Acceleration

In common parlance, the acceleration of an object is the increase of its speed per unit time (say, per second); a decrease in speed is usually called deceleration. In physics one speaks in these cases of positive and negative acceleration.

Speed is a single real number, the ratio of length and time, while velocity and acceleration are vectors (have length and direction). In physics, the vector acceleration is defined as a change in the vector velocity. Such a change can be in the length of the velocity vector, i.e., in the speed of the object, or in the direction of the velocity vector, or in both at once. For instance, an object traveling at constant speed in a circular pattern (making a fixed number of cycles per second) is undergoing acceleration due to the continuous change in the direction of velocity.

Physics definition of acceleration

In physics, speed is the absolute value (magnitude) of velocity, a vector. Physicists define the velocity of a point in space as the derivative of the position-vector of the point with respect to time. Conventionally, the position of a point is designated by r (a vector), velocity by v, acceleration (a vector) by a, and time by t (a scalar). Hence, $\mathbf{v}\, \stackrel{\mathrm{def}}{=}\, \frac{d \mathbf{r}}{dt}$

and the acceleration a is the derivative of v with respect to time, $\mathbf{a} \, \stackrel{\mathrm{def}}{=}\, \frac{d \mathbf{v}}{dt}.$

Accordingly, acceleration is the second derivative of the position of a point in space with respect to time, $\mathbf{a} = \frac{d^2 \mathbf{r}}{dt^2}.$

The direction and length of a may vary from one instant to the other. Since it is not meaningful to compare two non-parallel vectors, the term deceleration is hardly ever used in physics. The second derivative of r with respect to time, whatever its magnitude or direction, is referred to as acceleration. The unit of acceleration is length per time squared (in SI: m s−2).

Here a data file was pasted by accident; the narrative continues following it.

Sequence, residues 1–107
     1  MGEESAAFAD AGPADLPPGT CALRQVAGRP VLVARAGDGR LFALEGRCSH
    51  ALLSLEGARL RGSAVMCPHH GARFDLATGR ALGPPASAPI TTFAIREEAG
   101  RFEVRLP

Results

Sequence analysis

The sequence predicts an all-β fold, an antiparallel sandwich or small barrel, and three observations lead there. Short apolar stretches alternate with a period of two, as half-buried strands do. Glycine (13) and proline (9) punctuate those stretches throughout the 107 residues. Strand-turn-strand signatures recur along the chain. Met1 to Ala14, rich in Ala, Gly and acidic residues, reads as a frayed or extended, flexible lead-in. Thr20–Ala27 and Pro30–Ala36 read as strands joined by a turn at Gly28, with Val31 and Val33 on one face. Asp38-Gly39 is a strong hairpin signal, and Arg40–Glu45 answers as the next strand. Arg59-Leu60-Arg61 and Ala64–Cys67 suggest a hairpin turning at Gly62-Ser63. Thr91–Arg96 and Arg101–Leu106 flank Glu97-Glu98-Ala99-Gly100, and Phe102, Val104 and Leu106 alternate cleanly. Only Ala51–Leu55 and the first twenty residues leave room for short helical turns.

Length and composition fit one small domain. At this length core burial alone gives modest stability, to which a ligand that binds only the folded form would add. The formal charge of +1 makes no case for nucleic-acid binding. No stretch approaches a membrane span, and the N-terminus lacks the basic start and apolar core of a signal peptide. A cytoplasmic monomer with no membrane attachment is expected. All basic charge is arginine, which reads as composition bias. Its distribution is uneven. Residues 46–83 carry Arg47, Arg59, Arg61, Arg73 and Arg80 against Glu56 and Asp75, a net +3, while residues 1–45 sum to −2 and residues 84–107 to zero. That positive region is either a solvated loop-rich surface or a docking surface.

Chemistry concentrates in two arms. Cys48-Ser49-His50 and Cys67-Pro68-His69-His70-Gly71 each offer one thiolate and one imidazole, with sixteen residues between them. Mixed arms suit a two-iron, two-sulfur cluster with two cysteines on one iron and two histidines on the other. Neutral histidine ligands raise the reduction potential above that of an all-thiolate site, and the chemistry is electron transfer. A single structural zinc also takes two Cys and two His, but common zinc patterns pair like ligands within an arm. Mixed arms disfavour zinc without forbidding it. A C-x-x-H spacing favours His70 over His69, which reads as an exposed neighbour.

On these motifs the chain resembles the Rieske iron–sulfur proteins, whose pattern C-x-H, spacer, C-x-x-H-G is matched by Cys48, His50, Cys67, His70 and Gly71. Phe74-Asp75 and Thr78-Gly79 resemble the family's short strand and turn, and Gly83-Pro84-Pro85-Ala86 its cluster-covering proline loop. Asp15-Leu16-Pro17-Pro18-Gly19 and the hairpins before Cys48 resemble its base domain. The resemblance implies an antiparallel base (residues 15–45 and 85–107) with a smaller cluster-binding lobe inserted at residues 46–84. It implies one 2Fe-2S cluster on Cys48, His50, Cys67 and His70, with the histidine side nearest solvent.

Acceleration of a body

If the object is not a point, but a body of finite extent, we recall that the motion of the body can be separated in a translation of the center of mass and a rotation around the center of mass. The definitions just given then apply to the position r of the center of mass and the translational velocity and translational acceleration of the center of mass of the body.

The rotational motion of the body is somewhat more difficult to describe. In particular one can prove that there cannot exist in three dimensions a set of angular coordinates such that their first derivative with respect to time is the angular velocity, see rigid rotor for more details. Accordingly, angular acceleration cannot be given as second derivatives of some coordinates with respect to time (except for the special case of rotation around an axis fixed in space).

Relation to force

One of the fundamental laws of physics is Newton's second law. This states that the acceleration of the center of mass of a (rigid) body is proportional to the force acting on the body. The relation between force and acceleration being linear, the proportionality constant is a property of the body only; it is the mass of the body.

In classical mechanics it is frequently the case that the force on a body is proportional to the gradient of a potential V, $\mathbf{F} = - m \boldsymbol{\nabla}\big( V(\mathbf{r})\big),$

with m the total mass of the body. Comparing with Newton's second law, we see that − V is the acceleration of the body (provided mV is the only force operative on the body). An example of an acceleration due to a potential is the acceleration due to gravity.

Note

1. A force equal to minus the gradient of a potential is non-dissipative. Friction is an example of a dissipative force. Some content on this page may previously have appeared on Citizendium.